|Series: The Bitter Sea #1||Rating: 5.7/10|
|Date of Publishing: May 2019||Genre: fantasy, romance|
|Publisher: self-published||Available: Amazon|
|Number of pages: 386||Author’s website: Anela Deen|
After a violent storm destroys her ship, Isaura Johansdottir knows better than to hope she’ll be rescued from Eisland’s vast Failock Sea. Adrift and alone, her plans to start over lost, it’s a tragic conclusion after the disastrous end of her marriage—until she’s saved by Leonel, one of the merfolk, a creature long believed extinct. In repayment for her life, Leonel enlists her help to investigate the Failock’s mysterious and deadly plague of squalls. But when Isaura discovers Eisland’s ruthless new Lord commands the storms, her life will be in more danger on land than it ever was at sea. As guardian of the Fathoms, Leonel must find the cause of unnatural storms ravaging the tidal currents and destroying the sea life. There are rumors of dark magic stirring in the Orom Abyss, the resting place of old, vanquished gods who tried to submerge the land millennia ago. Yet without proof, no one in King Ægir’s court will listen to him. And if it’s discovered he broke the Blue Laws to save a shipwrecked landweller, he might not survive the consequences. As storms spread, Leonel and Isaura uncover secrets as forbidden as the bond that grows between them. Betrayal lurks in the restless sea, and when ancient powers lay siege to Eisland’s coast, the truth may be drowned along with everything else.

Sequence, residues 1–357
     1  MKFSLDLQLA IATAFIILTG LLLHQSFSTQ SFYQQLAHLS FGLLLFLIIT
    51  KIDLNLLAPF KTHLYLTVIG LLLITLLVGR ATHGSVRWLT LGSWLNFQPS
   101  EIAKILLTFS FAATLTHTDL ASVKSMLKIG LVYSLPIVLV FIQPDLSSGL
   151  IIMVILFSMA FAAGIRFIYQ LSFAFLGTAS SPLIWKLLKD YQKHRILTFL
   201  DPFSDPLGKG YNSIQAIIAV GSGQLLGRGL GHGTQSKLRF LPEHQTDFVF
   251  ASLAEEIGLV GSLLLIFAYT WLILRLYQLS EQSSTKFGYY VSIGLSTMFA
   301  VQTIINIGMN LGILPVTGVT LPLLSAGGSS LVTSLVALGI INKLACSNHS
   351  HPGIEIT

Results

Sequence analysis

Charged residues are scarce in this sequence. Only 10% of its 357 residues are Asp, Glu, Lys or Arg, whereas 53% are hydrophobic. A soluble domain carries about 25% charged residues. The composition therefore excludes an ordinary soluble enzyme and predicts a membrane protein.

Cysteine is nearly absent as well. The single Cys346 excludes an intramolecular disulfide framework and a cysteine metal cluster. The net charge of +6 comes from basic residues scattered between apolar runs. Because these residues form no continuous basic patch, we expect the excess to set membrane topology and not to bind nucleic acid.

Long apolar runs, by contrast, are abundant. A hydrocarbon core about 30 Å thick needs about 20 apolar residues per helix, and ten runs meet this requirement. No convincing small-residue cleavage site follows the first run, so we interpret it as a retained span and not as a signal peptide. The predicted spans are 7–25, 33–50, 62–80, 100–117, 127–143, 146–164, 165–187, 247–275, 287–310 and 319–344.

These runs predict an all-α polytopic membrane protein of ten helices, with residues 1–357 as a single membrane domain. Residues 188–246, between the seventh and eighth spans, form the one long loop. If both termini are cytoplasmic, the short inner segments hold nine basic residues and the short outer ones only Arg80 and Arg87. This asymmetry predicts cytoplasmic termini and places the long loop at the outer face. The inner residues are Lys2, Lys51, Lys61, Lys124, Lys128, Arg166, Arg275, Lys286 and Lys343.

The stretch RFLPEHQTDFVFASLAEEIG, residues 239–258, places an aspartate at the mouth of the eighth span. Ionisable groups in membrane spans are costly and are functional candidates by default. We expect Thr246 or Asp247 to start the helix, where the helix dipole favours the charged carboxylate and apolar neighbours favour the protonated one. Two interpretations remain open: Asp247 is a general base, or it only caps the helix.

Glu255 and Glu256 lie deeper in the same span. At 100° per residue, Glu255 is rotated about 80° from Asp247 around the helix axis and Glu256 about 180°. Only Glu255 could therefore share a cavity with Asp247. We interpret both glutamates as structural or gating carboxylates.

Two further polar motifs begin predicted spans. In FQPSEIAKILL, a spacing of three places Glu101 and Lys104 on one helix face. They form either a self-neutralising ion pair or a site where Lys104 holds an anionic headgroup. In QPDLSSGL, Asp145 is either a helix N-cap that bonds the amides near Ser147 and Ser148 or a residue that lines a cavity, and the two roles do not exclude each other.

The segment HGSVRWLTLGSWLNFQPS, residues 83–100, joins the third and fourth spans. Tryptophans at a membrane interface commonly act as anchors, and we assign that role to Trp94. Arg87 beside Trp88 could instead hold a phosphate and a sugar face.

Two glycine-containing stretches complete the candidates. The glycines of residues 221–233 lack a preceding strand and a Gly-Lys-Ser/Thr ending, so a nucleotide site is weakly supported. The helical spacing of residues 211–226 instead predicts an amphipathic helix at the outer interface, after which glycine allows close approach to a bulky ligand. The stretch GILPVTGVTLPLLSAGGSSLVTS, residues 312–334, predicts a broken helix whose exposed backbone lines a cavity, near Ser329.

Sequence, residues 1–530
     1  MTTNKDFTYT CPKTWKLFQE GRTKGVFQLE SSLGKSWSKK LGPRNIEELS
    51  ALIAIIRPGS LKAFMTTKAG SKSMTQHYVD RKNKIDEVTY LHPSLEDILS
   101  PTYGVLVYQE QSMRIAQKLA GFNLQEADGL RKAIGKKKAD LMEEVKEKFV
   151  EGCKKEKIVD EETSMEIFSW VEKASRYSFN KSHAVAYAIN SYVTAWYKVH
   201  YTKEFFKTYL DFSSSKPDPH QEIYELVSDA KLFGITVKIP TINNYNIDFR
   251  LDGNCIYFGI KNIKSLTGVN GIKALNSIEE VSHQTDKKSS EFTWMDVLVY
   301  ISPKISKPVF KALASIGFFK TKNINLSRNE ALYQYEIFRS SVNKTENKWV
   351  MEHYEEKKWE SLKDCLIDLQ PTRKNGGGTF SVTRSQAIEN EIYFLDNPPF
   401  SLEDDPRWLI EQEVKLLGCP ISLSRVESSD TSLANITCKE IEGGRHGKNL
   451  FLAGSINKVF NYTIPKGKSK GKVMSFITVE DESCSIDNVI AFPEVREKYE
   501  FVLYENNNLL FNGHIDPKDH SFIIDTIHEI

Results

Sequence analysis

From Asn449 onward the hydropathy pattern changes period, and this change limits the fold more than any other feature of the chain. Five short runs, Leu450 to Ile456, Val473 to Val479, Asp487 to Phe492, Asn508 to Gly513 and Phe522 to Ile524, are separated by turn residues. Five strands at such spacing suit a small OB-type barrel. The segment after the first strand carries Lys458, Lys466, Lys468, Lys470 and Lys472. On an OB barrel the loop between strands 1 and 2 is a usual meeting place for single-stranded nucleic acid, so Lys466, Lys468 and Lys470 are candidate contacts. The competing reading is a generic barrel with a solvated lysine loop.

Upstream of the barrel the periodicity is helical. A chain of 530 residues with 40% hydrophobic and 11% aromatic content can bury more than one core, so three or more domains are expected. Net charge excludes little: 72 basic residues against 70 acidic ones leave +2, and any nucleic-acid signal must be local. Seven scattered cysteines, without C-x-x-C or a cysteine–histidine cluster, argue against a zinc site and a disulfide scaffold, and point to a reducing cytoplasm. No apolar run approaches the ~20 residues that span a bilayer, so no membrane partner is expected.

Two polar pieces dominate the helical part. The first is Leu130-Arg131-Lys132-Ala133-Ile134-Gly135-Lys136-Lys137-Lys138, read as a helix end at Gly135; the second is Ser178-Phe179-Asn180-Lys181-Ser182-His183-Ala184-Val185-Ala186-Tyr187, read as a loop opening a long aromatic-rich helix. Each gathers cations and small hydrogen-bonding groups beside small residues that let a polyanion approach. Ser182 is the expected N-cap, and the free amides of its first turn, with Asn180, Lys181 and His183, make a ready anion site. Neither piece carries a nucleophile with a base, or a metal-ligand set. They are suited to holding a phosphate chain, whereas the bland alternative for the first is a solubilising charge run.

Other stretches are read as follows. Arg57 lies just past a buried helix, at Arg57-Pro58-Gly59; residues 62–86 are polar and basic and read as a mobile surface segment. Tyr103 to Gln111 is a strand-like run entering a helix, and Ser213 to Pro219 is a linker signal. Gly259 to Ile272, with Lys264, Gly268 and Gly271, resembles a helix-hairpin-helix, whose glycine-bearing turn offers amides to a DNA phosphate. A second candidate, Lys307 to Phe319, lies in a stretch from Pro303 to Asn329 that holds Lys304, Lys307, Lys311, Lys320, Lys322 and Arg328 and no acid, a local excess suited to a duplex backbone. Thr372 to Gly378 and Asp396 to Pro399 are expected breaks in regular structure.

Belle’s Review – 7.5/10
I had a lot of trouble writing this review, because I really enjoyed this book. It had a lot of depth and heart, and I adored the main characters.